Setting the Record Straight by Lisa Burkhardt Worley

“Jesus Christ, who gave himself for us to redeem us from all wickedness and to purify for himself a people that are his very own, eager to do what is good” (Titus 2:14).

I am here at the University of Oxford at the ISGAP Antisemitism Institute studying alongside Jews, Muslims and Christians. We are trying to develop ways to combat the issue of antisemitism. One of the common myths that has led to this hatred is that “the Jews killed Jesus.” Every time I hear this I want to shout, “This is not true!”

First of all, it was a Roman leader, Pilate, who ultimately made the decision to crucify Jesus, but more importantly, we have to remember that Jesus chose to go to the cross for us and could have halted the process. In John 18:10, while Jesus was being arrested, his disciple, Peter, impulsively cut off the right ear of Malchus, the high priest’s servant.

However, Jesus restored the ear, and in Matthew 26 he rebukes Peter saying, Do you think I cannot call on my Father, and he will at once put at my disposal more than twelve legions of angels? But how then would the Scriptures be fulfilled that say it must happen in this way?” One legion represents 6,000 so Jesus is saying he could have summoned 72,000 angels to defend him.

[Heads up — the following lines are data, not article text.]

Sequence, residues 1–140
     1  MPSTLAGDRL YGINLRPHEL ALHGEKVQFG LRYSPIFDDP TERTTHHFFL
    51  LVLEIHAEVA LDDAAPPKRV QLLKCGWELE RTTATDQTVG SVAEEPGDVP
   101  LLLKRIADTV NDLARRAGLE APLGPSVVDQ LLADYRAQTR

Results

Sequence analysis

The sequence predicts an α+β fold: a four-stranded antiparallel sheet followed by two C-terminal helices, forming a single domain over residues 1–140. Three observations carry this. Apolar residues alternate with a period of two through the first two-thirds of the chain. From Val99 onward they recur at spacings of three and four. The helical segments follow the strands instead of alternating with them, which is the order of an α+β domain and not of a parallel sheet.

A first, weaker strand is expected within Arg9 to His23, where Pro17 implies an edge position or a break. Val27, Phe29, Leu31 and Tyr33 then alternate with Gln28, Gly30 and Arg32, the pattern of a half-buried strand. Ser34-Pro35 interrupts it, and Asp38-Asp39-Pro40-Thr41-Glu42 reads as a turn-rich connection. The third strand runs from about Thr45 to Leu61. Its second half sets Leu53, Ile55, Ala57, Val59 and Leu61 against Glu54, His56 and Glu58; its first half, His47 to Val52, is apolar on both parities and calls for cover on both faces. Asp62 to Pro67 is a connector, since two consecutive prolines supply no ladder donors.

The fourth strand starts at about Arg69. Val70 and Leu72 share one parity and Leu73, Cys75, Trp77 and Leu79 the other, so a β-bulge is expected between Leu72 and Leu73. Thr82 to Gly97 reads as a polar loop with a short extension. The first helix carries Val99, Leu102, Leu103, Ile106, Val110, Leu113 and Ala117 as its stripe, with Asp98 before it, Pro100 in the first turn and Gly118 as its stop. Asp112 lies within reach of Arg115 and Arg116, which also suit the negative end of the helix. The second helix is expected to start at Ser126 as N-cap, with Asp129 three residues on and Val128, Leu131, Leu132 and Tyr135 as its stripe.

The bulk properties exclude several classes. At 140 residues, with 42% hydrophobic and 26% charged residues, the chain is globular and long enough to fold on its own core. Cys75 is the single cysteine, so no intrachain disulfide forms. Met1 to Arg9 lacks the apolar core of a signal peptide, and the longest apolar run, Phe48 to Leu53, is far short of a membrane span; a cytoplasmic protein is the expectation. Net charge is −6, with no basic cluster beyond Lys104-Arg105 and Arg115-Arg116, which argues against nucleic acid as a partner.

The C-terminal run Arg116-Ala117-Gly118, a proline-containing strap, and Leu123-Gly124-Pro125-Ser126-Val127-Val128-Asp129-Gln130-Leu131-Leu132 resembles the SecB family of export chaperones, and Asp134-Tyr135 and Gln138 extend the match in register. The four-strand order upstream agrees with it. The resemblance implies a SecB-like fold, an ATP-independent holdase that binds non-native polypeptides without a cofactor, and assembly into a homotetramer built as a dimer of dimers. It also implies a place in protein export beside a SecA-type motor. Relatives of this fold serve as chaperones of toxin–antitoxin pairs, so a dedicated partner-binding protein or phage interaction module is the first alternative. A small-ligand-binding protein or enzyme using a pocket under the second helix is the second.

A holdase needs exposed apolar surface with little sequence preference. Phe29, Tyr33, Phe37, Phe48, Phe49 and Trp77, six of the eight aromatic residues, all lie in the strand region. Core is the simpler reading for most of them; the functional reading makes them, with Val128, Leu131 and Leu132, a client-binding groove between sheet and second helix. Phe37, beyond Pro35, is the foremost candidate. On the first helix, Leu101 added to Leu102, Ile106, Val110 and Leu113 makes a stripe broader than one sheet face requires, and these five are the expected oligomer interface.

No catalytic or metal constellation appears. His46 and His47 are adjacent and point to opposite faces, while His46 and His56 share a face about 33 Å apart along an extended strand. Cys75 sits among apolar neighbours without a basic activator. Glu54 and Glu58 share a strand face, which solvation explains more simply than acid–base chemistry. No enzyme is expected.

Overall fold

Jesus chose to go to the cross as a part of his redemptive plan.

We must change the narrative. I wonder why some people are angry about this? Did they not want a Savior? Did they not want Jesus to die? If this had not happened, there would be no hope. No access to God. No eternity. Instead, we should be thankful for the death, burial and resurrection of Jesus Christ.

We should also honor the Jewish people. Because it is through them that we first came to know the one true God in the first place. It is because of the Torah that we understand the ways and expectations of the Creator of the world. We must also remember that Jesus was Jewish. Someone at our institute shared that many depict Jesus as an Australian surfer. This is far from the truth. He was a Middle-eastern man who followed Jewish traditions. Most of his early followers were Jewish. This was a Jewish movement to which Gentiles were grafted in (Romans 11:11-31). So there are many who need to rewire their thinking. Jesus’ death was not the result of an act of hatred. This was an act of God’s love. His Son was the unblemished lamb who voluntarily gave up His life for us.

“For God so loved the world that he gave his one and only Son, that whoever believes in him shall not perish but have eternal life” (John 3:16).

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  1. Lisa, this is a beautifully crafted essay. God bless and open many many channels of dialogue and friendship.

  2. Beautifully written Lisa!! We have a war between good and evil, and what’s good is now becoming evil, and what’s evil is deemed good.

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